Recognize the following errors that are more common in writers not natively fluent in English:
- Wrong adjective order
- Look at that doubledecker green big bus"
- Using the wrong preposition
- Prepositions are hard to translate. We aren't even consistent. Compare "passengers on the plane" to "ice on the plane"
- Missing, wrong or extraneous articles
- Some things need "the" others "a(n)" sometimes nothing.
- Unusual word order (Yoda speak)
- "In the woods, a walk take."
- "Is it what time?"
- Mixing different flavors of English
- A Frenchman might have learned UK English in school, but looks up strange words in dictionary that uses US English.
- Unusual word choice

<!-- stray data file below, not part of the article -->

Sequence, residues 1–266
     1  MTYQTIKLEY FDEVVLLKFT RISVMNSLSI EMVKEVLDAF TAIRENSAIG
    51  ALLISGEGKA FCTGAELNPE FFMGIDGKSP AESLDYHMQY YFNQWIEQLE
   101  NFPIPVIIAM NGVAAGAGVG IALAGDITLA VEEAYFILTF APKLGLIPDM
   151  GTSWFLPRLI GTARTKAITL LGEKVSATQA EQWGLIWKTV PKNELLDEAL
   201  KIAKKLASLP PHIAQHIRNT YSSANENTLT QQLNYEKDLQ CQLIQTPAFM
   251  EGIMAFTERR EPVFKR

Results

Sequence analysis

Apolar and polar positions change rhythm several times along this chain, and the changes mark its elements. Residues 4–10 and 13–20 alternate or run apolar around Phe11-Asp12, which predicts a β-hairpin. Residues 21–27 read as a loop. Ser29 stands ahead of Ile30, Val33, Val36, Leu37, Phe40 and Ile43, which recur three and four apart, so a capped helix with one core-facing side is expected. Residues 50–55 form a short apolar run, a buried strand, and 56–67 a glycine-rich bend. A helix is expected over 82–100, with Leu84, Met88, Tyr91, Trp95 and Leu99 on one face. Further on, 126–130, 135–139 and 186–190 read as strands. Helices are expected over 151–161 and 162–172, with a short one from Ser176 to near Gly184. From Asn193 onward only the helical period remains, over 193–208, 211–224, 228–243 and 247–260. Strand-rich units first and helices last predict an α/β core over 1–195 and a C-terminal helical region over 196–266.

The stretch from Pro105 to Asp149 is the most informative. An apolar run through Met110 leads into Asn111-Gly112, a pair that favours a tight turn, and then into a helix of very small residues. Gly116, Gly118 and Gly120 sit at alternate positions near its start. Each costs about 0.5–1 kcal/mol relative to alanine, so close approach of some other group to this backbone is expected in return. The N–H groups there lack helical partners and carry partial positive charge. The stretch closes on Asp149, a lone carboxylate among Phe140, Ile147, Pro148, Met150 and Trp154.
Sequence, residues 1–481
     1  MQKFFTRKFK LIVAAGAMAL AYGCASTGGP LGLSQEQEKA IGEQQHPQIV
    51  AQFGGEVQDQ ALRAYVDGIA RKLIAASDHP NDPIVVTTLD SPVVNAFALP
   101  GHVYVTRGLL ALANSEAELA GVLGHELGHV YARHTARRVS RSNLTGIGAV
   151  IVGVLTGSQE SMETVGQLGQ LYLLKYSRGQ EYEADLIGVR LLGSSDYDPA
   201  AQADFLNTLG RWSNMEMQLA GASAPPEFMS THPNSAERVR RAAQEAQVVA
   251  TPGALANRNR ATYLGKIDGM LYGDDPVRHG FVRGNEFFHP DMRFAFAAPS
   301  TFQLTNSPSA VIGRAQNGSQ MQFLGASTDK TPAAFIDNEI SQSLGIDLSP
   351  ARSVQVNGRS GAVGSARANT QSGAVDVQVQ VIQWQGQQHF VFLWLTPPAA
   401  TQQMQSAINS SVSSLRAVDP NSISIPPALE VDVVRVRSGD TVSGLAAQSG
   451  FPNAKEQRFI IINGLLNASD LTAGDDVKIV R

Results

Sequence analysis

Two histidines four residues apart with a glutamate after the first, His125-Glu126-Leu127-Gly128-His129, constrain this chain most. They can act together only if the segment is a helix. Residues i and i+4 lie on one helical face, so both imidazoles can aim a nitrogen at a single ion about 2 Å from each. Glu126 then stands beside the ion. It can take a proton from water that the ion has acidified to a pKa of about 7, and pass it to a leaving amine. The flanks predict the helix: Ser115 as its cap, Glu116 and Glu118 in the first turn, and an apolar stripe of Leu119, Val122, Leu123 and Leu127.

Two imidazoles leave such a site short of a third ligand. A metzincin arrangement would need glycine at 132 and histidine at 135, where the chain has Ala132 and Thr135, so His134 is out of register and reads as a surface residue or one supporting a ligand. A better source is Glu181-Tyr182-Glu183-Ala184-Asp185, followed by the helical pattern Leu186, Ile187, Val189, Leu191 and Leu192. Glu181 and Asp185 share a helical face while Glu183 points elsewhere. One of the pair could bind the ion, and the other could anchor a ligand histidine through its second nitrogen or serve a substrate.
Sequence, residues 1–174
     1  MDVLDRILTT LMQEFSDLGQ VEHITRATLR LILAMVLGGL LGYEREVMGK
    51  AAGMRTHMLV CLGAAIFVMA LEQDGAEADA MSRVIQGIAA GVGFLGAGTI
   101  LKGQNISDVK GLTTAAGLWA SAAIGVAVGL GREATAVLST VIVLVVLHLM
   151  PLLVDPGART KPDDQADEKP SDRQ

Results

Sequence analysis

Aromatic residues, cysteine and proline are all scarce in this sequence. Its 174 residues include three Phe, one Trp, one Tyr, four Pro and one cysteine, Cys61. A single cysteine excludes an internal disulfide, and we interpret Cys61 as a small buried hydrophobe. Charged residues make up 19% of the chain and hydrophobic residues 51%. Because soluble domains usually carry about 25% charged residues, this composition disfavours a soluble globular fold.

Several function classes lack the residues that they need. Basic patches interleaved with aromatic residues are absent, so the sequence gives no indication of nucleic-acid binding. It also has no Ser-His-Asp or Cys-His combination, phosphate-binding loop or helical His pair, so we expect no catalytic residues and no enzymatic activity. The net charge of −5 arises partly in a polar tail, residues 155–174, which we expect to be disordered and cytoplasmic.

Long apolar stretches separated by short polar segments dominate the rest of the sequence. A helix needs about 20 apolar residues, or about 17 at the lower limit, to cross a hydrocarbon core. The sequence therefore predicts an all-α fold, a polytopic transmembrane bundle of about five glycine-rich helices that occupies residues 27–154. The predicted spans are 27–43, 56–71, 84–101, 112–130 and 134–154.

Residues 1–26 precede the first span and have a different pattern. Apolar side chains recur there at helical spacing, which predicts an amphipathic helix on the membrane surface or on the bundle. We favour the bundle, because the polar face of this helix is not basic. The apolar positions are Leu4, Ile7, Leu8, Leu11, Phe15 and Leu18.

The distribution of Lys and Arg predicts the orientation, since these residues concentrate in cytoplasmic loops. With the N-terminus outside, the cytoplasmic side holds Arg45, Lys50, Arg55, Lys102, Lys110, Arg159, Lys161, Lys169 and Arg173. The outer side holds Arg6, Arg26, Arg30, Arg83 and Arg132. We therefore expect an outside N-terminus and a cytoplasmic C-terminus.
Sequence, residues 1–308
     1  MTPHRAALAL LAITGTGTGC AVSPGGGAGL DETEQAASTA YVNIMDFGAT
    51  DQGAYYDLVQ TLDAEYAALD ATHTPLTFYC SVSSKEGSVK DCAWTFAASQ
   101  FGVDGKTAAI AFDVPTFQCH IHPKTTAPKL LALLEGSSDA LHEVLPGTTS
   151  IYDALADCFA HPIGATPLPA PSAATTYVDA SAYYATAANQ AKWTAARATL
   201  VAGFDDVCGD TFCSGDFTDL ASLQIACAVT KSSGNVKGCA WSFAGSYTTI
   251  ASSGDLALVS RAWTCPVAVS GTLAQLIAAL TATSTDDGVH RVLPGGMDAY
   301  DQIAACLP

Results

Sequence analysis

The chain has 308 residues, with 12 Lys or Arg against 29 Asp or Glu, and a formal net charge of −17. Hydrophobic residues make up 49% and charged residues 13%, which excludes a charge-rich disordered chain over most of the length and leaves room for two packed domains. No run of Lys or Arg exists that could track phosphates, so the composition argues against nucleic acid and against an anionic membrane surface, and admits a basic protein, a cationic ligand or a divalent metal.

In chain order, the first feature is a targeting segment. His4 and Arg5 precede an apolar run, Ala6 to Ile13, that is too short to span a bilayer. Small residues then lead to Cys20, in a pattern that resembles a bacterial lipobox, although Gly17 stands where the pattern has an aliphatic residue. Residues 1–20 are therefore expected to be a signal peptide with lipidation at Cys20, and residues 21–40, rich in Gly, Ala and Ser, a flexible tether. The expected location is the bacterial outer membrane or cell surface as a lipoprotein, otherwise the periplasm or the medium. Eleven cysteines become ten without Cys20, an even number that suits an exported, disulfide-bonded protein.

- "We missed the turn because it wasn't on the chart."
- Using the earlier sense of words like "gay" that have been deprecated by their slang meanings.
- Conjugating an irregular verb as if it were regular.
Compare the above errors, with errors commonly made by native speakers of English:
- Homonym errors
o Usually made by people who learned the spoken language before the written language. ESL students usually learn both simultaneously.
o Why would a Korean learning English from books who has never heard it pronounced confuse the number "two" with the adverb "too?"
- Run-on sentences, comma splices.
- The above tips are generalized. Certain constructions might be more common by Russians than by Italians. A more advanced linguistic expert might be able to use a much more sophisticated test to not only identify EFL students, but also identify their native language.
- Misspellings and other various typos can be made by anyone and don't necessarily indicate anything other than fast typing or poor editing.